"We have used the vehicle to travel backward into time to experience firsthand the moments of supreme insight and mystique throughout the ages," explained Berlioz. "I personally, am a devotee of bebop jazz and have spent several blessed evenings lingering in a crowded nightclub, reeling from the gravity of hearing Bird and Miles in their prime."

"Yes, and I attended the opening night of Stravinsky's 'The Rite of Spring'," marveled the Countess. "I was so enthralled, I tore off my clothes and danced and screamed at the sky."

"She was positively indecent." Her brother's face glowed as he remembered. "We had to rescue her from the gendarmes."

"We have engaged homing devices and a retrieval method in case of such occurrences," explained Berlioz. "Ever since the accident with Dr. Wentworth."

"What happened to him?" asked Tyron.

"Let's just say, Professors Tallyrand and Wentworth got a little too close to the primitive tribe in Java, whose tribal musical customs they were studying. Tallyrand was only just able to escape and activate the craft's return home - Wentworth became pot-luck."

"Could you not just go back through time and retrieve him?" queried Tyron.

"I'm afraid we lost the coordinates," answered the Count, "and besides, Wentworth was a bit of prig. We may go back and stop him from going some day. It is on the project list, I believe."

"Yes, yes, plenty of time for that," blustered Berlioz impatiently.

"Excuse me," interjected Tyron, "if I am to understand this correctly, you have the power to travel through time and affect history. Then why in blue blazes haven't you gone back and performed some miracles of salvation, such as -- killing off that madman Hitler, or warning Custer of his impending doom, or saving infants from fires, or...?"

"Come, come, Mr. Tyron," spoke Berlioz, "those are pursuits for heroes, assassins and firemen. Such activities would be frightfully dangerous, and our own use of the craft has dangers enough of it's own. Certainly, allowing this power into the hands of any government to do with what they would like would be sheer earthly suicide."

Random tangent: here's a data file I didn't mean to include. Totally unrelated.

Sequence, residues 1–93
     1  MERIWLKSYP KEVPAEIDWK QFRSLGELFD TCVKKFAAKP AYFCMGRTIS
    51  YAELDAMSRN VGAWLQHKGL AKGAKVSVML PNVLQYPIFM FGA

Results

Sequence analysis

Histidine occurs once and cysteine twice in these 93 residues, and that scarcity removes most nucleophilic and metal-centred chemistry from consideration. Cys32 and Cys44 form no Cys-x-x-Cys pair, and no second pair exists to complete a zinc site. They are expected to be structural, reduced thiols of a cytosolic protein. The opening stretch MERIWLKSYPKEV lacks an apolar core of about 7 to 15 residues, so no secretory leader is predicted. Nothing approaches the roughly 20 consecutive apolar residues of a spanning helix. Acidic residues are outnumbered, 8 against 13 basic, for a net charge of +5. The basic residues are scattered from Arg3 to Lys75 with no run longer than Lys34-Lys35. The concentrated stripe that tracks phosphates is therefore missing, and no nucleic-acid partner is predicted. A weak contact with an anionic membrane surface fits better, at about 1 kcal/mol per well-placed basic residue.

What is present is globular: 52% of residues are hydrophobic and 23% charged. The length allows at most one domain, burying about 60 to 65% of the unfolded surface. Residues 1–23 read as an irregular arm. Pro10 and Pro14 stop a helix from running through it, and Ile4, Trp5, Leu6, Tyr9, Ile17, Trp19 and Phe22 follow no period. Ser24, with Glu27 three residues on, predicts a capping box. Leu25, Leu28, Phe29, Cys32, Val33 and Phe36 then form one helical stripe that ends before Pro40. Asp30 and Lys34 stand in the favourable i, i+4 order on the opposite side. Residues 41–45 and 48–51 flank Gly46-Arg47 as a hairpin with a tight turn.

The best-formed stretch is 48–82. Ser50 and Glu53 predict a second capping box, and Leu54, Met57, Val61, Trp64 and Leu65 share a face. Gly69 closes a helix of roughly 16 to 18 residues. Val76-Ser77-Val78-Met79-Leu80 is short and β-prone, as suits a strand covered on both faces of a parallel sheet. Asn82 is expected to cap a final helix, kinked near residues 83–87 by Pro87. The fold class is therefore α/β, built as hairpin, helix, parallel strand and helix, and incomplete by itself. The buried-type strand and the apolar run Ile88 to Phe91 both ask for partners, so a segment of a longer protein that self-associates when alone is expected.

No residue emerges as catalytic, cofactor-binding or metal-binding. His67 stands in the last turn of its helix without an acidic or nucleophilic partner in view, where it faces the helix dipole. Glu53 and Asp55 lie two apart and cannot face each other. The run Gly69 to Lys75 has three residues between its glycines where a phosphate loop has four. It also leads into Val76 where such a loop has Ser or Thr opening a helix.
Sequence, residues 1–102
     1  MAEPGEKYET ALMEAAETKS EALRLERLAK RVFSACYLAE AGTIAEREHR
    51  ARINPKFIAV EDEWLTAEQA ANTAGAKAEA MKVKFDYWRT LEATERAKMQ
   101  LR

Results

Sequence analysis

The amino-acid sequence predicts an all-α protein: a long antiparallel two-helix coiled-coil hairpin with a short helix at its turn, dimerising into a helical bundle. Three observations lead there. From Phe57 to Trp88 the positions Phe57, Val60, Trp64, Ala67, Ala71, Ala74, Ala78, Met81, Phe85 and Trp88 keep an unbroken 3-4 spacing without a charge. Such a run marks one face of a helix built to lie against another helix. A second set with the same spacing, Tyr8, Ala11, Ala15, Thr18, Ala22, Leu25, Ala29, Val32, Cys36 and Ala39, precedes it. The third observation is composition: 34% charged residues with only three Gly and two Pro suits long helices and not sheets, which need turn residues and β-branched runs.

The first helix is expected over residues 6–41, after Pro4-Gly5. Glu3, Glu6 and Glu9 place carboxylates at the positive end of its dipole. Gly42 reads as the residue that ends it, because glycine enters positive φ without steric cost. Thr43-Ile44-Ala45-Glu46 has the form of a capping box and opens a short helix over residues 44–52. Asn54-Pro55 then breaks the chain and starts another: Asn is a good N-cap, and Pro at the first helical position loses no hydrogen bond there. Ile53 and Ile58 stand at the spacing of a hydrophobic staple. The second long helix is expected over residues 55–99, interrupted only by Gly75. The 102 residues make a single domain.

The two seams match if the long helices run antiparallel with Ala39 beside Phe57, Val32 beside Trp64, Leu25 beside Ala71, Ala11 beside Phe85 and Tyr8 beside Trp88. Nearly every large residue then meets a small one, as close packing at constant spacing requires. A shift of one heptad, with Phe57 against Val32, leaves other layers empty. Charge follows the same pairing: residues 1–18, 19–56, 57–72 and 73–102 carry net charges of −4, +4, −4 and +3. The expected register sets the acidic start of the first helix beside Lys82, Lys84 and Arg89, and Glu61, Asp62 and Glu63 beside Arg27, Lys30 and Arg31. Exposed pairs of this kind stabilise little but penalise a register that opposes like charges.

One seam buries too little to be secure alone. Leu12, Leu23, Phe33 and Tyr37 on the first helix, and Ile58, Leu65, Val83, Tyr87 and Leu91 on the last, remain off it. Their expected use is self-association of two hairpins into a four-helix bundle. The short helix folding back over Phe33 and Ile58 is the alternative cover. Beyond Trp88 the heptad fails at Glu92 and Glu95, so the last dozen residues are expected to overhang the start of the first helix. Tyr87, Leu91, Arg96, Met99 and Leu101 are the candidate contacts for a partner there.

"There will be plenty of time to make corrections in history once serious studies are undertaken," the Count added. "Now is not the time. This craft is a gift to us from a more advanced and "in-tune" culture, and we have vowed to use it only in the pursuit of knowledge and beauty. We have agreed not to plunder, pillage, adjust, forewarn, frighten, bedazzle, or kill anyone in our visits to the past. Ours is the journey to listen and learn and be silent."

"Should you wish to enter our sanctuary as an elect Charles, where would you choose to travel for your first experience?" queried the Countess softly, taking Tyron's arm.

"I do choose to enter your fraternal order, and my destination is no secret. I must journey to Leipzig for an audience with the Kapelmeister!" Tyron proclaimed.

"A very wise choice," smiled a beaming Watson. "Canons and gigues, crab retrograde motion, mirror fugues. A fascinating mathematical choice."

The weather had cleared somewhat in the week that had passed since the agreement had been struck. With a satchel brimming with bills in hand and heavy overcoat covering his bulk, Charles Tyron felt almost spring-like standing at the doorstep of the Guidonian Hand. He hardly felt guilty at all about the small tape recorder he had taped to his chest under his undershirt.

His manservant had assisted in the concealment of the recorder, but had thankfully refrained from asking any questions -- probably used to such things by now. Charles felt giddy. "A clever fellow such as myself will always find a way to make commerce out of art," Charles thought cheerfully. When he was finished pulling this little stunt off, it would be more than worth the million-dollar investment. Of course he would probably have to expose the Hand, and government agents would likely kill them, but such are the victims of business and war.

"Ah, you're here on time, dear Charles," welcomed the Countess at the door as she gave him a peck on the cheek. "How good to see you again. You must be very excited."

"You don't know the beginning of it," Tyron responded slyly.

"I'm afraid we must be brief with our perfunctories, Mr. Tyron," interrupted Berlioz, hastily shutting the door behind them. "There is a period costume for you to change into in the bathroom. Please hurry, so we can get on with the briefing session."